Day 17: Pumps and Pageants

As many of us were missing the Queen's Jubilee celebrations (and 4 day weekend!) back home in Blighty, we decided we should honour the occasion on board our Royal Research Ship.
Arts and Craft time
Being mainly prepared for science, not arts and crafts, we had to use our imaginations! So out came the waterproof marker pens (designed for writing labels on tubes) and aluminium foil, and the scientists found their creative sides, designing crowns and hanging bunting throughout the ship. Everyone got into the task; Americans, Maltese, Spanish, German, Finnish, Belgian, Chilean and Irish joined with the Brits to mark the occasion. Then, while the sun came out over the Atlantic, those of us on the night shift wound down from their grueling shift by watching the people of London turn out in the rain to watch the Jubilee pageant.

Preparing filters
Ok, onto the science. Overnight, we have been running a CTD/SAPS campaign. As in an earlier blog, Helen has been using water collected by the CTD to analyse the carbon chemistry and other oceanographic parameters, like temperature, salinity, and chlorophyll. Attached to the CTD frame, we have a SAPS - Stand Alone Pumping System.  The SAPS is basically a big pump attached to a filter rig with a delayed timer - it means we can send the pump to whichever depth we want and switch it on without being there.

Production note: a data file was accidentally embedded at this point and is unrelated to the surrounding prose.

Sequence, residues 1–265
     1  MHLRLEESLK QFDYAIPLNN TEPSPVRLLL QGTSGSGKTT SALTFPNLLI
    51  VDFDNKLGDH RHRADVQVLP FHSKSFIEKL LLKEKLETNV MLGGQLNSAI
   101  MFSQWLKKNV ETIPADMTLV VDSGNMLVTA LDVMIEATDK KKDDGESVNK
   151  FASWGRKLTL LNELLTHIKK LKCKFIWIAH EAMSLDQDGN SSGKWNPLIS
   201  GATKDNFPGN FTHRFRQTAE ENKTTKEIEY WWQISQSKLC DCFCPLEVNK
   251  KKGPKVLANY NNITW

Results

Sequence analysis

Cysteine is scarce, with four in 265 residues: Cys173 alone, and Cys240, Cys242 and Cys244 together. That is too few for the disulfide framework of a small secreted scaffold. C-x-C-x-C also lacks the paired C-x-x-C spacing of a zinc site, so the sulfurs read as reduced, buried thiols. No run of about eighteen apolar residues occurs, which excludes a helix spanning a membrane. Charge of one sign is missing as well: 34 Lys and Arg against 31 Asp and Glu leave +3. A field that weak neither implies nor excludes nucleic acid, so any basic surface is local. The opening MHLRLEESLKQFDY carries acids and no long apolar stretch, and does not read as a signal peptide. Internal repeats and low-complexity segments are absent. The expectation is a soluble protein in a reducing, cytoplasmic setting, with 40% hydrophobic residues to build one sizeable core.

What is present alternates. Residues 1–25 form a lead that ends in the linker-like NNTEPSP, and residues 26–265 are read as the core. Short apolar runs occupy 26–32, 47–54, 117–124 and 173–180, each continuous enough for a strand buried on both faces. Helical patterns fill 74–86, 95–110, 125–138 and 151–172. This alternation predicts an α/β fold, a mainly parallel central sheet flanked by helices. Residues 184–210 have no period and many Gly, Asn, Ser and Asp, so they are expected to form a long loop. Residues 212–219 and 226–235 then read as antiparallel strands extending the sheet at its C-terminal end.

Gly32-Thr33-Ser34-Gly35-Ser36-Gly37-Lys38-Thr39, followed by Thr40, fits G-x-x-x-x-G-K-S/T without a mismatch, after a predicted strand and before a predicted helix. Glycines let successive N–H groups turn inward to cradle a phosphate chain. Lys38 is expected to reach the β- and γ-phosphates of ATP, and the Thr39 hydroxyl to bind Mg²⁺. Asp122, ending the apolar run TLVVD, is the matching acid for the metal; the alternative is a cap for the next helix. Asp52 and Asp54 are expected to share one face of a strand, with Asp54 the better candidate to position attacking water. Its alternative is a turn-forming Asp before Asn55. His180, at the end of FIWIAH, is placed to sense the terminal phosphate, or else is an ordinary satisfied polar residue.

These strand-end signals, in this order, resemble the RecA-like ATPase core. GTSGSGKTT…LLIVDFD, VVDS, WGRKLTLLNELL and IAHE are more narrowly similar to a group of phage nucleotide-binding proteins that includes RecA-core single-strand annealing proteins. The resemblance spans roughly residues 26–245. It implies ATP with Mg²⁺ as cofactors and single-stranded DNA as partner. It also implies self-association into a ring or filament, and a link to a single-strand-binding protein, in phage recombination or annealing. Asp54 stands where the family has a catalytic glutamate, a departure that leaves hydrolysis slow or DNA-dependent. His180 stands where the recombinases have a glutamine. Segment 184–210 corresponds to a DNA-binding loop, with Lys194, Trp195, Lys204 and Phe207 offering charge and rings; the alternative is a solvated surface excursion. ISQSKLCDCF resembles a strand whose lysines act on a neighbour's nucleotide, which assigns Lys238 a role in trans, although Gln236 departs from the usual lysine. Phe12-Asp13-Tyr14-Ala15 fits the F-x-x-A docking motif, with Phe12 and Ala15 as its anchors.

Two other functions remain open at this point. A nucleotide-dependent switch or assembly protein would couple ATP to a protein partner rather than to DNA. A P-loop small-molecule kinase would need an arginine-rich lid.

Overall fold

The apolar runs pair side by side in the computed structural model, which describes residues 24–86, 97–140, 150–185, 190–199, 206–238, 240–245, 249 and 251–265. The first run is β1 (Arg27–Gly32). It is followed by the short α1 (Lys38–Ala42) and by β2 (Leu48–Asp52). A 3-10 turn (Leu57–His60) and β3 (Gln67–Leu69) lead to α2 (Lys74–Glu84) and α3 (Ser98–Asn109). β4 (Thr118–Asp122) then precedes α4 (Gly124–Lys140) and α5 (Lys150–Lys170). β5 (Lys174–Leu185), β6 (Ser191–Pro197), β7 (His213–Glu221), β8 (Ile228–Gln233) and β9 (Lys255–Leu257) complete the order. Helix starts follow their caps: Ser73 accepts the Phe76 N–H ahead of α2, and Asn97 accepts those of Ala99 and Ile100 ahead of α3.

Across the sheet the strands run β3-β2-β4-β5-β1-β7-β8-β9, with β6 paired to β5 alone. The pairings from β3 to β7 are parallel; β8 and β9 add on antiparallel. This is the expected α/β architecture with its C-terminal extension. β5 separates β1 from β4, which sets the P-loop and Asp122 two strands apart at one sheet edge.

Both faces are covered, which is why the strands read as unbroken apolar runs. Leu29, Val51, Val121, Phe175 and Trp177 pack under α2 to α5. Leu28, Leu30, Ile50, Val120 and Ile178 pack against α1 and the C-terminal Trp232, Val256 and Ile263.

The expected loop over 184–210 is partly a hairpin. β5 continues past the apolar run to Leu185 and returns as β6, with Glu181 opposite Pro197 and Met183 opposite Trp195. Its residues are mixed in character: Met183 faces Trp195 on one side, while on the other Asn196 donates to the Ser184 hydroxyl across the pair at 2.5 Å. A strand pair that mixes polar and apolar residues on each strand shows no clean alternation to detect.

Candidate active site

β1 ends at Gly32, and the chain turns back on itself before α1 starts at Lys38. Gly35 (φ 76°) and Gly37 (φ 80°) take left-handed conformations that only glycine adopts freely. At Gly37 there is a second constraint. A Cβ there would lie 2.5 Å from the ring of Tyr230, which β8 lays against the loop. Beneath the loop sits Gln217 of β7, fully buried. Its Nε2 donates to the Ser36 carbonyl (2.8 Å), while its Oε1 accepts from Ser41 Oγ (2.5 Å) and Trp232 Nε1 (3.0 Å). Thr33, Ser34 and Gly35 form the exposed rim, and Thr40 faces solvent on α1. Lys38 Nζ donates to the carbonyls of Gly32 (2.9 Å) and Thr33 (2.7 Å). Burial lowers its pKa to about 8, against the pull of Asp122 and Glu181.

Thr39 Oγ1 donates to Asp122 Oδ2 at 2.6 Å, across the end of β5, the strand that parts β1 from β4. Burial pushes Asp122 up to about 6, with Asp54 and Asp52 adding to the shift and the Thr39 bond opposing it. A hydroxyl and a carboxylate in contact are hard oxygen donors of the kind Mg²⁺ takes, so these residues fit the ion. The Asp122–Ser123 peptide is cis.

James helping me rig the SAPS
But why exactly do we want to do this? Well, we use the SAPS to look at the amount of particulate organic carbon (coral food) that is reaching the reefs. The pump records how much water flows through the filters, and following laboratory analysis of how much carbon is on the filters, we can calculate how much carbon (food) the hungry corals have access to. This information, combined with surveys of the reef and CTD data, can help us understand why the corals live where they do, and what any future changes in climate and currents may have on these ecosystems.